Approaching Gender Biblically – Conclusion

Approaching Gender Biblically - Conclusion

This is part 3 of 3 in my miniseries on the Christian view on gender roles, feminism, and things like that. Thanks for sticking with me!

See part 1 here.

See part 2 here.

On Tuesday, I promised to talk about what gender roles look like as a single, because my post was what gender roles should look like in marriage. And obviously I’m not married, as a lot of us here are not. As much as that’s sort of helpful for the future, I’d like to attempt at tackling the question: “What should I do now?”

That, my friend, is a tough question.

But I’ve been doing some research, talking to my parents and friends, and reading, reading, reading. And I think that I’ve come up with somewhat of a coherent post. Please forgive me if I step on any toes, that’s truly not my intention. As the tagline on my site says, “One Christian Teen Girl’s Contemplations,” that’s what these are.

In the first post of these three, I talked about feminism. More specifically, I should say, I’m talking about equality feminism. Feminism that says women and men should strive to have the exact same roles in every aspect of life.

However, as review, what I said in my post is this.

Men and women are absolutely equal. We have equal standing before God. We are all, every one of us, worth the same. We’re all sinners in need of a Savior, and we’re all created by God’s handiwork.

So when we Christians (as women especially) fight for sameness in the name of equality, we discredit God’s design.

There’s a verse in Galatians that many Christians use to support the whole feminism-sameness thing. They say, “It doesn’t matter what your gender is! Define yourself however you’d like!”

Galatians 3:28

“There is neither Jew nor Greek, there is neither slave nor free, there is no male and female, for you are all one in Christ Jesus.”

Okay, that would be a fair argument if that’s what the verse were saying. However, if you read the chapter, you’ll notice that this isn’t talking about discrediting gender. It’s talking about us all being equal before God. We are all children of God because of what He’s done for us.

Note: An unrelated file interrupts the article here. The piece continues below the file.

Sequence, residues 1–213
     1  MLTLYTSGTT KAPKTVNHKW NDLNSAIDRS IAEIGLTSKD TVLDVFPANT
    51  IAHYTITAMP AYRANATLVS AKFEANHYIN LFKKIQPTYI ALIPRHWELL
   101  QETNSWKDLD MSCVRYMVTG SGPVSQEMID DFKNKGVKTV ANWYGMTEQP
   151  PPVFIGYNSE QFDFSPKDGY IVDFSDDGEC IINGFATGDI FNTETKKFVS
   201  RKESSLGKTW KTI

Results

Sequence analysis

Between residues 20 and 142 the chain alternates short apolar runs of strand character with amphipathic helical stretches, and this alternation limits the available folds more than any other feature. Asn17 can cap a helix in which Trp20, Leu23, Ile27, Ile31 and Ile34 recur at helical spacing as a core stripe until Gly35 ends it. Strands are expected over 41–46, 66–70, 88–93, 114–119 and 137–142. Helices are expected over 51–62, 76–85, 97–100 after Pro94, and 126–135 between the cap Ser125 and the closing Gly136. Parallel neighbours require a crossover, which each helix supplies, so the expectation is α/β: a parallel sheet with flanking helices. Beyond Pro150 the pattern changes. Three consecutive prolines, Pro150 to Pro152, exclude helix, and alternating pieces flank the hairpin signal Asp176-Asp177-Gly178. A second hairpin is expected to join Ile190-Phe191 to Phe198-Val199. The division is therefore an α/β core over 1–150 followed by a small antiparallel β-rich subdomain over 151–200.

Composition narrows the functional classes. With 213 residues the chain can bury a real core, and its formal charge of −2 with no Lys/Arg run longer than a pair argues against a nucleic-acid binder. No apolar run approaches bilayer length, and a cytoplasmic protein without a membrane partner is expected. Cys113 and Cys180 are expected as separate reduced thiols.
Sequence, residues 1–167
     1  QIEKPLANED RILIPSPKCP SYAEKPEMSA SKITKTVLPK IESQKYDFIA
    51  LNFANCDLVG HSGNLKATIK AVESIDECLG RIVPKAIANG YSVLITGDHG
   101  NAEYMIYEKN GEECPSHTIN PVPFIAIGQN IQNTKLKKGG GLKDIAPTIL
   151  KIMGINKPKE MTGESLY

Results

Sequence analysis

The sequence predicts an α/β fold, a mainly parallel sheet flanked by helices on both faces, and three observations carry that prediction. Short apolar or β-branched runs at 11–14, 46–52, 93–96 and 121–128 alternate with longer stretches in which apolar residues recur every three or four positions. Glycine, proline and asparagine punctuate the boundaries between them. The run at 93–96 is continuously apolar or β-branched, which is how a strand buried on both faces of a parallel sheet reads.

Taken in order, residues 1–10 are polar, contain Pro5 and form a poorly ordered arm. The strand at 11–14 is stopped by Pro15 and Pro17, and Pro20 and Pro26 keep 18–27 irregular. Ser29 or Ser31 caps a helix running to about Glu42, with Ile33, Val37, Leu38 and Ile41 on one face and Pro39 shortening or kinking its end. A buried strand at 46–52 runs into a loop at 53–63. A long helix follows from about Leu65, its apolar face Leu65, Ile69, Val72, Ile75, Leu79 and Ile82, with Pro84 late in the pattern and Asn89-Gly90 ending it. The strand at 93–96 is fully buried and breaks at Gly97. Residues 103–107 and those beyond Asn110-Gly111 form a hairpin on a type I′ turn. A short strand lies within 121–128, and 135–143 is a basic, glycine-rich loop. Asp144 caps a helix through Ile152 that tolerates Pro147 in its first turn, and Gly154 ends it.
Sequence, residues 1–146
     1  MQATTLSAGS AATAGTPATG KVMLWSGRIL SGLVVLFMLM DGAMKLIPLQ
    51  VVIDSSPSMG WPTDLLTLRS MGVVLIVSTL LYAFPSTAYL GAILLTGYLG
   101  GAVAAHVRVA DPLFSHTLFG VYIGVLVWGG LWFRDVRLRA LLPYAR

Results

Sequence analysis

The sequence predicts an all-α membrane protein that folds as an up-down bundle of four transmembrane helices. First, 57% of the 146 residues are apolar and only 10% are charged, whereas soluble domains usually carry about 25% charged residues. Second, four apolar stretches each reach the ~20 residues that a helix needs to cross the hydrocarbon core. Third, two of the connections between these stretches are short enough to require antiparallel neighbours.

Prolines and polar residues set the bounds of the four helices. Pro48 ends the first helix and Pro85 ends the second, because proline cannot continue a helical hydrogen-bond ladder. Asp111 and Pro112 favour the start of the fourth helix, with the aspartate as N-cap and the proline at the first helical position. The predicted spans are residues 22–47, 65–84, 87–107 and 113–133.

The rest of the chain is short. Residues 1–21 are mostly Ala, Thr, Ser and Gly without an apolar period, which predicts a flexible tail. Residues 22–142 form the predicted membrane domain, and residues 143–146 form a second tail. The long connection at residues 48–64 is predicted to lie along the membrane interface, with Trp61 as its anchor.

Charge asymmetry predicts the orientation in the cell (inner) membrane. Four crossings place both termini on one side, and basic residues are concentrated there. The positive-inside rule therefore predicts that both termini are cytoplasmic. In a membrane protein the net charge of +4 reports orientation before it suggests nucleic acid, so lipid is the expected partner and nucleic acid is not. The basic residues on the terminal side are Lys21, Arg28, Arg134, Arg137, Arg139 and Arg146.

With that out of the way, I’d like to approach what the whole point of this post is supposed to be.

Living biblically as a single. (Or, as anyone, really.)

What does it look like?

Anyone remember Mary and Martha? In Luke 10:38-42, Jesus came into a village. Two sisters, Mary and Martha were in that village. While Martha’s busy, working really hard, Mary is getting to know Jesus and listening to Him. Jesus says to Martha, “Martha, Martha, you are anxious and troubled about many things, but one thing is necessary. Mary has chosen the good portion, which will not be taken away from her.” (v. 42)

See, we needn’t try to prove our worth. We don’t need to try to find our satisfaction in work, or equality (however we try to define that), or whatever. Jesus Christ is the only thing that will satisfy us. A personal relationship with Him – not work, not feminism, not even marriage – is what will fill that hole in our hearts.

When we look to be equal all around (meaning the same in every aspect), we aren’t truly satisfied in who God is and who He has made us to be. We don’t view Him as the ultimate authority in our lives. We want to dictate who we are, what our roles are, and what our gender is.

As Christians, we can’t do that.

C.S. Lewis said, “God cannot give us a happiness and peace apart from Himself, because it is not there. There is no such thing.”

We must remember the basis for our identity. Who we are is found in Him alone. Our relationship with Him is what will satisfy us.

God has created us with equal value (Genesis 1:27). At the same time, in Genesis 2, we see that God creates woman from man. Naturally, that makes us different. There is a defining line between the genders.

We shouldn’t try to fight that line. God is the one that knows best.

So what do we need to do?

Accept our standing before God – that is where our identity is found.